An unexceptional if appealing debut in which a part-Chippewa woman recounts the experiences of three generations of her family. Aja shares with grandfather Peke a susceptibility to the Trickster, Wenebojo, who, according to legend, appears during deluges to play pranks and cause trouble. The story begins back near the turn of the century, when Peke, taking the train to college, finds himself in a dispute over a card game. He's thrown off a bridge into pouring rain, and Isabel, the Swedish girl who rescues him, becomes his wife. Years later, their coolly glamorous daughter Nina runs away to St. Paul, where Roy, a handsome Chippewa pilot, catches her eye. Their hopes for a better life are dashed, however, when Roy goes off to the Japanese front and comes home traumatized, refusing to be parted from his parachute; meanwhile, Nina can gain entrance to the big houses she dreams of only by working as a cleaning woman. After Roy is sent to Korea, Nina takes their daughter, Aja, back to the reservation in Minnesota, where she grows up ashamed of her background. She also resents the attention given to her brilliant but difficult brother Jerry, and she fights with her father's sister, Betty, who runs a roadside diner that for Aja represents embarrassing reservation backwardness. Trying to escape, she attends Dartmouth, only to find herself disgusted by her patrician classmates and lured into a stormy marriage with a boy from back home. The birth of a child, the death of her grandmother, and her decision to open a school for Chippewa children eventually enable Aja to come to terms with her heritage, and, taking pleasure in the traditional stories Peke taught her as a child, she shares her culture with the Jewish lawyer who becomes her second husband. While Strong adds few fresh touches to this standard intergenerational saga, her graceful prose and affection for Chippewa lore make for a lively, involving tale.

Pub Date: Sept. 1, 1997

ISBN: 0-517-70621-0

Page Count: 288

Publisher: Harmony

Review Posted Online: May 20, 2010

Kirkus Reviews Issue: July 1, 1997

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An enjoyable, cozy novel that touches on tough topics.


A group of strangers who live near each other in London become fast friends after writing their deepest secrets in a shared notebook.

Julian Jessop, a septuagenarian artist, is bone-crushingly lonely when he starts “The Authenticity Project”—as he titles a slim green notebook—and begins its first handwritten entry questioning how well people know each other in his tiny corner of London. After 15 years on his own mourning the loss of his beloved wife, he begins the project with the aim that whoever finds the little volume when he leaves it in a cafe will share their true self with their own entry and then pass the volume on to a stranger. The second person to share their inner selves in the notebook’s pages is Monica, 37, owner of a failing cafe and a former corporate lawyer who desperately wants to have a baby. From there the story unfolds, as the volume travels to Thailand and back to London, seemingly destined to fall only into the hands of people—an alcoholic drug addict, an Australian tourist, a social media influencer/new mother, etc.—who already live clustered together geographically. This is a glossy tale where difficulties and addictions appear and are overcome, where lies are told and then forgiven, where love is sought and found, and where truths, once spoken, can set you free. Secondary characters, including an interracial gay couple, appear with their own nuanced parts in the story. The message is strong, urging readers to get off their smartphones and social media and live in the real, authentic world—no chain stores or brands allowed here—making friends and forming a real-life community and support network. And is that really a bad thing?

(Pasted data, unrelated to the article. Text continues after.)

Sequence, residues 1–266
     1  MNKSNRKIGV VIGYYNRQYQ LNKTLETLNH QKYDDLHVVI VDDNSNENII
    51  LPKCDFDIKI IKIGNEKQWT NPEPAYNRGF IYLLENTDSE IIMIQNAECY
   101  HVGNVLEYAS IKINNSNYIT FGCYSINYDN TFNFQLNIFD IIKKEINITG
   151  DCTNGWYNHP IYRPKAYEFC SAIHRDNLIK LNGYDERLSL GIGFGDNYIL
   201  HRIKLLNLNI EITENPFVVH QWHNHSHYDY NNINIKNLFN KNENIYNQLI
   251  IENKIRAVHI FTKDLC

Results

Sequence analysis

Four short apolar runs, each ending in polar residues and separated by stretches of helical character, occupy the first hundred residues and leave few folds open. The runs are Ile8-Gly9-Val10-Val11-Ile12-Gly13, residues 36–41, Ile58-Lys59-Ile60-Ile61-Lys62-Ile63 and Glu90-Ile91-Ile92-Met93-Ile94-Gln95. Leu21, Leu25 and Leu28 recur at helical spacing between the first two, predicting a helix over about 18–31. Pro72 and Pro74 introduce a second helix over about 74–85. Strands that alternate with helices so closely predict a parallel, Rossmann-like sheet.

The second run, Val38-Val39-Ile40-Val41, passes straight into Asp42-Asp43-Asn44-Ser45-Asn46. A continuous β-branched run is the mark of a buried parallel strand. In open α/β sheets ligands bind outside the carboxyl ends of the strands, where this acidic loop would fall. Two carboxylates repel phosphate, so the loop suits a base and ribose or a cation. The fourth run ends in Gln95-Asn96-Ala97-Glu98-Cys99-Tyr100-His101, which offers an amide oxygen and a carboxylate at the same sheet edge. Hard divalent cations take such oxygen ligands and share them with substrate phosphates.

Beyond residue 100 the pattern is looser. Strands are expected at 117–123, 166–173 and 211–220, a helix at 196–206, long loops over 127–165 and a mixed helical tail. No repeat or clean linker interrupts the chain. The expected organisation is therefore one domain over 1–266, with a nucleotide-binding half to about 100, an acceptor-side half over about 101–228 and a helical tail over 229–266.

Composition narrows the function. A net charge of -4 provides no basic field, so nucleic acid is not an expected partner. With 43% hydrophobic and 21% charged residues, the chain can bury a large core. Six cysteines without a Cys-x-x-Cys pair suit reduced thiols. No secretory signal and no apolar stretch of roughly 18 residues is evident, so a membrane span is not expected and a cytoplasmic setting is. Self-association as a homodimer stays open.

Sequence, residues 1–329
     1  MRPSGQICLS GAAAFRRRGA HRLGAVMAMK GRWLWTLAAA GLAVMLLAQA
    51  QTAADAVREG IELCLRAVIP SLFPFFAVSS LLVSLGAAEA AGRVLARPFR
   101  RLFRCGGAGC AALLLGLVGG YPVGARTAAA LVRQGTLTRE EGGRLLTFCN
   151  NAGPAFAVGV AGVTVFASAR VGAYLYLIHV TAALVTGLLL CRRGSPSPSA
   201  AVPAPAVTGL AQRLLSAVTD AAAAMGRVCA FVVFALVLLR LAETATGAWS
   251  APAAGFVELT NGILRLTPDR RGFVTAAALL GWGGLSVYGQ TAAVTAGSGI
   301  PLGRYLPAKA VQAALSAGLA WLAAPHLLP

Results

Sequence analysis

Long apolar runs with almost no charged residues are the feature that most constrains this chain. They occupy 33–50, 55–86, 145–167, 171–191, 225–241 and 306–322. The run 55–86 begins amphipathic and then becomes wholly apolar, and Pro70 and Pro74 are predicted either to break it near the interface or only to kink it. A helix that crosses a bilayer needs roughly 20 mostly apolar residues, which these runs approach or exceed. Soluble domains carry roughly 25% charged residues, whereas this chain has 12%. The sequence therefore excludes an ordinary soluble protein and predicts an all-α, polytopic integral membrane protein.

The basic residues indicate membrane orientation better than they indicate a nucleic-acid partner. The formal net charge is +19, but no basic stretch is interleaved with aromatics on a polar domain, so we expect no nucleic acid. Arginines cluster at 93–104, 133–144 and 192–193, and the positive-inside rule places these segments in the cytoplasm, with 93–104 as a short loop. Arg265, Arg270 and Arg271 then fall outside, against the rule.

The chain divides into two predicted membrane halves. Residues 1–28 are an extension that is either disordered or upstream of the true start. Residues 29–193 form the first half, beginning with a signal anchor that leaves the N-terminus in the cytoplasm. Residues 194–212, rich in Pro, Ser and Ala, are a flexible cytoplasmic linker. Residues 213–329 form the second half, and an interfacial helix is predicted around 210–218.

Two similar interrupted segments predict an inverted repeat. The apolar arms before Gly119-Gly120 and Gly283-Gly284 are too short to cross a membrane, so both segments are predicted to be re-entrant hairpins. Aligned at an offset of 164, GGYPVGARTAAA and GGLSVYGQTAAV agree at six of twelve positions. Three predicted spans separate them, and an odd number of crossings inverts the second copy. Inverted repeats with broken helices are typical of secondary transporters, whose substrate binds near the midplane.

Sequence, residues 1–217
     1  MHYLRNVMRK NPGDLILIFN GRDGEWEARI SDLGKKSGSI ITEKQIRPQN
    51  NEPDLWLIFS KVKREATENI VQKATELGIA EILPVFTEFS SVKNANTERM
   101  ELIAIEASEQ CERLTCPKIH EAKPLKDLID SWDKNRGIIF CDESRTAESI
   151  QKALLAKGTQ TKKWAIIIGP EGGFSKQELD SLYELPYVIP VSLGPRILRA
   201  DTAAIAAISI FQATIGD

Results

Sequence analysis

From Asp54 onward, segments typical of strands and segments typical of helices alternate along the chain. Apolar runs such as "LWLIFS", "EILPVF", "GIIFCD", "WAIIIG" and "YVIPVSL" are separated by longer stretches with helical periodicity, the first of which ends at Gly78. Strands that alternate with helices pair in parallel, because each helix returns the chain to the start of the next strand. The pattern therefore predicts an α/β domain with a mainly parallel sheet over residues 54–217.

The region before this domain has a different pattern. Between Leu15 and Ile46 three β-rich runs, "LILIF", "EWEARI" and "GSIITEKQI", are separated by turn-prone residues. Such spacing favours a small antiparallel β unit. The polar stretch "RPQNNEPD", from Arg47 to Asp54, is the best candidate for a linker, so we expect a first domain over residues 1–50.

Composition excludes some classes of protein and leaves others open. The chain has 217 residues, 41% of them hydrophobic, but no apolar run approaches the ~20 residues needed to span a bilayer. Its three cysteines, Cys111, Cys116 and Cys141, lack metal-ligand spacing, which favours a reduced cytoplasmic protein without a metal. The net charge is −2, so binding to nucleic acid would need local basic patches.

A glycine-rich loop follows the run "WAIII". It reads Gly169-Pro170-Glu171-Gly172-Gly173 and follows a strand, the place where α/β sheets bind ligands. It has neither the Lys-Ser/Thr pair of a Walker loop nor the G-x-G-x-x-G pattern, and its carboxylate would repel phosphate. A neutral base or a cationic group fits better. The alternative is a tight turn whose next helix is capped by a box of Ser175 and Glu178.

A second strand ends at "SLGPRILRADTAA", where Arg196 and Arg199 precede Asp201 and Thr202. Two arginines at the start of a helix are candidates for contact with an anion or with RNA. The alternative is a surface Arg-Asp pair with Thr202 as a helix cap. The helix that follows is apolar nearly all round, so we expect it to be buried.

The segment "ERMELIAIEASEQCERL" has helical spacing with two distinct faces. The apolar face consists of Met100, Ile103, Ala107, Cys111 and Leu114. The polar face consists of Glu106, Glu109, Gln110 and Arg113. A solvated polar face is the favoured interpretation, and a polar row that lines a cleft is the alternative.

An enjoyable, cozy novel that touches on tough topics.

Pub Date: Feb. 4, 2020

ISBN: 978-1-9848-7861-8

Page Count: 368

Publisher: Pamela Dorman/Viking

Review Posted Online: Oct. 27, 2019

Kirkus Reviews Issue: Nov. 15, 2019

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A strict report, worthy of sympathy.


A violent surfacing of adolescence (which has little in common with Tarkington's earlier, broadly comic, Seventeen) has a compulsive impact.

"Nobody big except me" is the dream world of Holden Caulfield and his first person story is down to the basic, drab English of the pre-collegiate. For Holden is now being bounced from fancy prep, and, after a vicious evening with hall- and roommates, heads for New York to try to keep his latest failure from his parents. He tries to have a wild evening (all he does is pay the check), is terrorized by the hotel elevator man and his on-call whore, has a date with a girl he likes—and hates, sees his 10 year old sister, Phoebe. He also visits a sympathetic English teacher after trying on a drunken session, and when he keeps his date with Phoebe, who turns up with her suitcase to join him on his flight, he heads home to a hospital siege. This is tender and true, and impossible, in its picture of the old hells of young boys, the lonesomeness and tentative attempts to be mature and secure, the awful block between youth and being grown-up, the fright and sickness that humans and their behavior cause the challenging, the dramatization of the big bang. It is a sorry little worm's view of the off-beat of adult pressure, of contemporary strictures and conformity, of sentiment….

A strict report, worthy of sympathy.

Pub Date: June 15, 1951

ISBN: 0316769177

Page Count: -

Publisher: Little, Brown

Review Posted Online: Nov. 2, 2011

Kirkus Reviews Issue: June 15, 1951

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